Why I am reading Difficult Passages in the Epistles

I have on the sidebar a list of books I am currently reading. There are probably a few others, but these are the ones I am mostly carrying around with me. I just finished Pickering, and have blogged a bit from his ideas. I will be doing some more on that one shortly, The Tragedy of Compromise (and every one of Pickerings books and booklets) should be required reading for every fundamentalist.

One of the other books on my list is a little book I picked up a few years ago. It is called Difficult Passages in the Epistles by Robert H. Stein. Robert Stein is currently a professor at Southern Seminary. At the time he wrote this book, he taught at Bethel Theological Seminary in St. Paul, Minnesota. I believe that is a Baptist General Conference school. These schools are evangelical schools that I cannot recommend, although some good work has come out of them.

I ran across Dr. Stein’s book when I was researching the subject of Christians and alcohol. For the record, I am a vehement opponent of the use of alcohol. As my father says, “It is a curse.” Christians should stay away from it as far as possible. They are fools for playing with it.

In my research on the subject, I ran across a number of articles in Bibliotheca Sacra that referenced an article written by Dr. Stein in Christianity Today in 1972. The quotes from the article intrigued me and I searched in vain to find a copy of the article. Some time later, I decided to search Dr. Stein’s name on Google and found the link to his bio on the Southern Seminary faculty. So I wrote to him, asking him if he was the author of the article and indeed he was. He told me that I could also find the article in his book Difficult Passages in the New Testament. At the time, I had trouble finding the book, but I did find two books called Difficult Passages in the Gospels and Difficult Passages in the Epistles. I ordered both, in the hopes that one of them might have the article.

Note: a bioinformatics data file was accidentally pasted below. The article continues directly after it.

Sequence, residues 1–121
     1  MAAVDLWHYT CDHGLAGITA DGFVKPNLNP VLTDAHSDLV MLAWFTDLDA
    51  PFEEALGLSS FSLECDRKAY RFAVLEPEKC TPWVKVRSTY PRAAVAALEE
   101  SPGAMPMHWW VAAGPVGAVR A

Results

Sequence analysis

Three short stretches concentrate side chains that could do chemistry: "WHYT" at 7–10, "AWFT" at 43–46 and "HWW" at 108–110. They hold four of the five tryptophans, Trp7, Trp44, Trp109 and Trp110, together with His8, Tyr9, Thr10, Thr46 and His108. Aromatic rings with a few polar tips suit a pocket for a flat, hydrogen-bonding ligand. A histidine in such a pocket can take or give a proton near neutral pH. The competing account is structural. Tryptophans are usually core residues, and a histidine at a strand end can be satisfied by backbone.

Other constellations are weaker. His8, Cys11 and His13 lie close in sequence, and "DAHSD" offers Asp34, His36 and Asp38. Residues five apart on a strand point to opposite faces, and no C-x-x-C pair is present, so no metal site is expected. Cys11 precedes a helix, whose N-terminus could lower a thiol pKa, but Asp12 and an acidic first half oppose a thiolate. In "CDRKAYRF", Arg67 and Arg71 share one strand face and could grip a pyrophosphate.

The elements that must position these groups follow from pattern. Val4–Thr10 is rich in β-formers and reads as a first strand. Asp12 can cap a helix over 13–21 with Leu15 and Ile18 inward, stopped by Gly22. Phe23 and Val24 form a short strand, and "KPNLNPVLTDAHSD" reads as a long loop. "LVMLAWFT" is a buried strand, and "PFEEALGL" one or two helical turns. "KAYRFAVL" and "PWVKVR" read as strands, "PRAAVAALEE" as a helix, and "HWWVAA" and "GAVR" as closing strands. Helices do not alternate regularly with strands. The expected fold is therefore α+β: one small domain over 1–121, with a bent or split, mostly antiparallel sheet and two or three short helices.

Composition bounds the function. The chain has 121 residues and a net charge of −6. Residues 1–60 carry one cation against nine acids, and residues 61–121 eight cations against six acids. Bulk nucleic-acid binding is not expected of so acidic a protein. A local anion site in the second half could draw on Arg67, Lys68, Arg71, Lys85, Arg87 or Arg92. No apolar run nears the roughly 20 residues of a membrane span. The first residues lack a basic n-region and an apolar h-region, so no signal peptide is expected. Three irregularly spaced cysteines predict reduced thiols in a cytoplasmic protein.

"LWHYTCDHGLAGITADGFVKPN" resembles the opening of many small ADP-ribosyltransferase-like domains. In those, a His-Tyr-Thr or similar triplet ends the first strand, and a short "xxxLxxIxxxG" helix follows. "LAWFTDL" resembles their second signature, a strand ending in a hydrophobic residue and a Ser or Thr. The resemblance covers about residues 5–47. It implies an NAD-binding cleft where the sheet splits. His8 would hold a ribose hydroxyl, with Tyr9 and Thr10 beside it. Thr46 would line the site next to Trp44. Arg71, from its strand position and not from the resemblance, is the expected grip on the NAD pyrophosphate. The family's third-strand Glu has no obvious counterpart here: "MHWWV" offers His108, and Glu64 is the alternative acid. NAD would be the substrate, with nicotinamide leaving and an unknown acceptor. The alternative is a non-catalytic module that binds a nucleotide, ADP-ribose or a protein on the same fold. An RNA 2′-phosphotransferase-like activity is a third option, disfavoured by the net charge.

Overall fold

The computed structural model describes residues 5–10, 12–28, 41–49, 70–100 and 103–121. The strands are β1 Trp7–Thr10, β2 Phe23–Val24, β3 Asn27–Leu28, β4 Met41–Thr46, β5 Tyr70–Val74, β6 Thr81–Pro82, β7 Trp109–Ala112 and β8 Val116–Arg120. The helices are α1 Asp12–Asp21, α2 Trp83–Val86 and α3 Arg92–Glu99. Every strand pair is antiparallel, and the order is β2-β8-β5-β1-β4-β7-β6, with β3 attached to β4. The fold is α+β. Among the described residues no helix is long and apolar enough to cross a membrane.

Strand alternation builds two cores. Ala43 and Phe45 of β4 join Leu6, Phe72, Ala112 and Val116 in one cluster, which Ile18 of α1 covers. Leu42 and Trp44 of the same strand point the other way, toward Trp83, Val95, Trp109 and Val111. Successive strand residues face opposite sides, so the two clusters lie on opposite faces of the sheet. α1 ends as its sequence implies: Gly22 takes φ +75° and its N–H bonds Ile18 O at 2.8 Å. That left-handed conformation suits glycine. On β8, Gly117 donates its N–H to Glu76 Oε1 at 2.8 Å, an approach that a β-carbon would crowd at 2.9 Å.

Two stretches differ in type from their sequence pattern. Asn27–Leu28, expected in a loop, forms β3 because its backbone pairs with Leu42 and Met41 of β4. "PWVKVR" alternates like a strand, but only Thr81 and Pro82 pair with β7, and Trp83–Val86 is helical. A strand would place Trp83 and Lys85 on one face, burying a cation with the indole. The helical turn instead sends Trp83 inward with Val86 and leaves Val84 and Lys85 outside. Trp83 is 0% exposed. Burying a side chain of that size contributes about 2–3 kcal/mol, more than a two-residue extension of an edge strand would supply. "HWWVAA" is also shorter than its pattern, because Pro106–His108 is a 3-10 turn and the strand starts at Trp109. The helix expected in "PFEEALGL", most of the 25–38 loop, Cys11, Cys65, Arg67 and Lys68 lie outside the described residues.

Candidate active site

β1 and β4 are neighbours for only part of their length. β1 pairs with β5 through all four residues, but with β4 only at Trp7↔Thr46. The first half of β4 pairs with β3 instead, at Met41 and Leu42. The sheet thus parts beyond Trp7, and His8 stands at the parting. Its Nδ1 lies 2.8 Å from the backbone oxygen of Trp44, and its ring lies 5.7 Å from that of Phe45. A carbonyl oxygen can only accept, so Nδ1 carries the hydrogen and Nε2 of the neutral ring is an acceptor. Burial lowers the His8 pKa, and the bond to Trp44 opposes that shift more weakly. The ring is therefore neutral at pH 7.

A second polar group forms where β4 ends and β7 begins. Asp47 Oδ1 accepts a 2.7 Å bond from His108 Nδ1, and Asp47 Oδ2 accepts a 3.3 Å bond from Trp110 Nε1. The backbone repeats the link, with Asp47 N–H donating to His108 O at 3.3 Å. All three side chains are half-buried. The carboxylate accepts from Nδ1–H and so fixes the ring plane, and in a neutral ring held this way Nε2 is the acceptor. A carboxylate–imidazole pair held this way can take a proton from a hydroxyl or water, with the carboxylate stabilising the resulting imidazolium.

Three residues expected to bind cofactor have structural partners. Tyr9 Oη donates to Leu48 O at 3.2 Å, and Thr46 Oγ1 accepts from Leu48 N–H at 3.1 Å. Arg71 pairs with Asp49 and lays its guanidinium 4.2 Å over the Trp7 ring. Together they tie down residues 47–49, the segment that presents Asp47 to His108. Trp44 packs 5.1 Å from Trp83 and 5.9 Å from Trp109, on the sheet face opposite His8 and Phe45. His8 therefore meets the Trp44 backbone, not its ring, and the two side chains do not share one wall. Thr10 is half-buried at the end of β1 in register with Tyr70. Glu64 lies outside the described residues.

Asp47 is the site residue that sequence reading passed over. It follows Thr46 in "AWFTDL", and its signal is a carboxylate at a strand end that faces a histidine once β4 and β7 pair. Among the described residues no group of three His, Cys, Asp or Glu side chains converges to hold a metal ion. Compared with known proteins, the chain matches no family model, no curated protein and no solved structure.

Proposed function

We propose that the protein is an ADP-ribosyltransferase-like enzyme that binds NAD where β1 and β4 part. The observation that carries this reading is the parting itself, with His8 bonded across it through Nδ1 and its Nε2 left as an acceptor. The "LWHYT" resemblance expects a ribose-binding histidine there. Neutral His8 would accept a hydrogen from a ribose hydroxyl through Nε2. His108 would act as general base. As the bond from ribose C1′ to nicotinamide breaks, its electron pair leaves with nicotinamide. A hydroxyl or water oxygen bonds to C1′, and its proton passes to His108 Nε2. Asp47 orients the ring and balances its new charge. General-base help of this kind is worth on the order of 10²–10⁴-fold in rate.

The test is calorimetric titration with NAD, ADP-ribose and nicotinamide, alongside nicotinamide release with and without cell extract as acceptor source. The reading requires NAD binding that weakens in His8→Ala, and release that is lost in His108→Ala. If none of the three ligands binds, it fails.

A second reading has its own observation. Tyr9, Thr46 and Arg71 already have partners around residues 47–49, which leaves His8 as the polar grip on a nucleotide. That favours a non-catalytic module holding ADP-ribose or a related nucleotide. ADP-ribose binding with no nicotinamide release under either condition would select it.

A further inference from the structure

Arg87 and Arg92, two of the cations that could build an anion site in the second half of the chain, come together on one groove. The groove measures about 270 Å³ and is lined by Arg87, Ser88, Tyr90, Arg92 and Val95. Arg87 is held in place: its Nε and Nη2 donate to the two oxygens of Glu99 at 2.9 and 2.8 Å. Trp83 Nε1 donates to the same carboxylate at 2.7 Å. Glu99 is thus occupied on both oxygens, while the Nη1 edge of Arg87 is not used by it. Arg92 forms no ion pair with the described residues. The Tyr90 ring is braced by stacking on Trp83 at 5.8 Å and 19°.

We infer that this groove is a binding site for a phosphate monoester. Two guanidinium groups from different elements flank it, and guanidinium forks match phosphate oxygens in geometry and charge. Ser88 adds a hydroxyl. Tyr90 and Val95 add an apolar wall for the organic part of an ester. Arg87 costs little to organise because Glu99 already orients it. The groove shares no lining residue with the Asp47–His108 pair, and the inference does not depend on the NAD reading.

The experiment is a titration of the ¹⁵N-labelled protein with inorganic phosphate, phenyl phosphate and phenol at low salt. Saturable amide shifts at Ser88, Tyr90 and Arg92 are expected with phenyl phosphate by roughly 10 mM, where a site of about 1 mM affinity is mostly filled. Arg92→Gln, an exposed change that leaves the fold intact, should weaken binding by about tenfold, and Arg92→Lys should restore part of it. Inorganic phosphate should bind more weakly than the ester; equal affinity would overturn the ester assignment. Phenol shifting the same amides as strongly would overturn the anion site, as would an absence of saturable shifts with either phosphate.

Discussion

Well, the book on the epistles has the article. It is an excellent treatment of the word oinos, the Greek word for wine and agrees with some of the research I had done in secular writings on the history of wine and alcohol. I highly recommend the book to you for that article alone, but the book is more than that. It is a collection of essays teaching careful hermeneutical (bible interpretation) principles and is well worth the effort.

With respect to the article on wine, Dr. Stein shows that the way the ancients drank and produced wine is very different from today. The alcohol content was generally lower and it was always drunk diluted. Those who try to make arguments for the use of alcohol based on the references in the Bible simply are not using good hermeneutics.


I had planned a more controversial article for today, but I let my notes at church. Maybe tomorrow. I know all five of my readers will be waiting with bated breath!

Don Johnson
Jer 33.3